- Another way to find out if IIS is installed and running is to go to the Task Manager utility (found in the Taskbar properties), and look for the Inetinfo.exe process running. This is an indicator that IIS is running on your system. One way to disable the Web server is to open the Internet Information Services MMC found in the Administrative tools folder in the Control Panel and find the running Web site. You can then right-click on it and choose to stop the service from the context menu.
- In Windows, go to the Services MMC within the Administrative tools folder in your Control Panel. If you find the World Wide Web (WWW) Publishing service running and it is either set to Automatic or Manual, then it is installed and able to run. If the Status is set to "Started" then you are currently running a Web server. By viewing the properties of this service, you'll find that the path to the executable points to the inetinfo.exe process. You can change the Startup type from Automatic (or Manual) to Disabled. This will disable the service without removing it altogether (in case you should want to run a Web server on this machine in the future).
- Another quick way to see if you are running a rogue Web server is to go
to a command prompt and type netstat -na. On the second line you can see that you have TCP port 80 LISTENING. This means
that you are using the HTTP service on your machine, which again, indicates
that you have a Web server running. You'll also notice that the Web server is listening on port 443, meaning that it
was either intentional (as a certificate had to be installed to turn on
Hypertext Transfer Protocol Secure sockets [HTTPS]) or someone configured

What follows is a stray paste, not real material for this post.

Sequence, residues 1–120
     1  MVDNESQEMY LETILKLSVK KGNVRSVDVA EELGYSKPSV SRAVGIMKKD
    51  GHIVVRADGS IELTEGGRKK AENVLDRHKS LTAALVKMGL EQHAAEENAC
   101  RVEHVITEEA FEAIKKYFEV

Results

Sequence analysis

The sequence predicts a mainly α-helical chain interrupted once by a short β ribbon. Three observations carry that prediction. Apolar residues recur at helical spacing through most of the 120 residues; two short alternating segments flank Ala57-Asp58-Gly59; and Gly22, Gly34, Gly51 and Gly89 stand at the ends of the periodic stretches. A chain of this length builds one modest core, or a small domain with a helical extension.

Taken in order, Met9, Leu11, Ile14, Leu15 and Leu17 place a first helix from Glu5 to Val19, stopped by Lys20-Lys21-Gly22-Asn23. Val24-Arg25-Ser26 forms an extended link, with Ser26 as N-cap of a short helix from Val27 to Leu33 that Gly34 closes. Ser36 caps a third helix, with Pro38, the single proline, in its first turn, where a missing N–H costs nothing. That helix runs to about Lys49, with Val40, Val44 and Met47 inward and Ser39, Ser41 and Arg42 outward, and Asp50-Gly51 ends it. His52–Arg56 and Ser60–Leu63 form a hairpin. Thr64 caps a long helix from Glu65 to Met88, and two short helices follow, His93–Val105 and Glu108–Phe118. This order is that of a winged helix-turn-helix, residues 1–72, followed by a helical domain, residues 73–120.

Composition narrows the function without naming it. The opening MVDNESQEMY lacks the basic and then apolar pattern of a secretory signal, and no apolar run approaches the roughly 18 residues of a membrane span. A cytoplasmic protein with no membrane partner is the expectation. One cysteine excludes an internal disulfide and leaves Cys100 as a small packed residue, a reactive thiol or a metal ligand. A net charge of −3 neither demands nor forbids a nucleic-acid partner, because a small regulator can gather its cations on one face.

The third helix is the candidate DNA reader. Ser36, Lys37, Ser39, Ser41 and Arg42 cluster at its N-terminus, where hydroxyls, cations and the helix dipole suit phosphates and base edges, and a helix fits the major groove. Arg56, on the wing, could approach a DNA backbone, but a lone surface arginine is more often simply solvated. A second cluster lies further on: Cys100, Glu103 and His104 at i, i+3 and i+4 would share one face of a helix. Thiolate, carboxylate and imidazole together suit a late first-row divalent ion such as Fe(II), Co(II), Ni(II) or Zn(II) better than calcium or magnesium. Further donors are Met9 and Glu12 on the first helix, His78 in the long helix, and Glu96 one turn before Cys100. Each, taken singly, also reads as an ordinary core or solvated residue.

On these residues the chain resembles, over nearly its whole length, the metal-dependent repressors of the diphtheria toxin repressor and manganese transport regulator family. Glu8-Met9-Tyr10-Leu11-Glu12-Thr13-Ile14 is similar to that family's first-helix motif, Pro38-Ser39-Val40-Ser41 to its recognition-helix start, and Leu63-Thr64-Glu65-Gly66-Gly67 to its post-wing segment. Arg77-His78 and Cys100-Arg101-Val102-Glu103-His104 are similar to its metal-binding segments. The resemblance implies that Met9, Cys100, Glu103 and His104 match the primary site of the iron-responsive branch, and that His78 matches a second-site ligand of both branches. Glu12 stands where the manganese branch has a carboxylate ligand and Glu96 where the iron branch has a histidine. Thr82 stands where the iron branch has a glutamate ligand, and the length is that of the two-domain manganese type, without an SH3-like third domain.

the server to listen on that port in addition to port 80. Because
HTTPS is being used, it is possible that the user might be testing an application
using HTTPS, or it is a server not in the current list of Web servers on your network.
Port 80 is the default port on which a Web server listens for requests from Web clients. However, Web servers can also be configured to listen on a different port, so the fact that this port is not listed does not guarantee that there is no Web server running.
- Another way to check for a Web server is to go to the Control Panel and open the Add/Remove Programs applet. If you navigate to Add/Remove Windows Components, you can check to see if you have IIS checked off, which would also indicate that the Web server software is installed. You can see that IIS is checked so that it is installed. To completely remove the Web server, make sure it is not checked at all; this means it will not be installed (or will be uninstalled if it has already been installed).
In this tutorial:
- Web Based Services Security
- Web Security
- Managing Access Control
- Handling Directory and Data Structures
- Eliminating Scripting Vulnerabilities
- Logging Activity
- Finding Rogue Web Servers
- Stopping Browser Exploits
- Web Spoofing
- Web Server Exploits
- SSL and HTTP/S
- Instant Messaging
- Text Messaging and Short Message Service (SMS)
- Web-based Vulnerabilities
- Dangers Associated with Using ActiveX
- Protection at the Network Level
- Programming Secure Scripts
- Understanding Code Signing
- Buffer Overflows
- Making Browsers and E-mail Clients More Secure
- Securing Web Browser Software
- Resulting from Weak CGI Scripts
- FTP Security
- Secure Copy
- FTP Sharing and Vulnerabilities
- Directory Services and LDAP Security
- Securing LDAP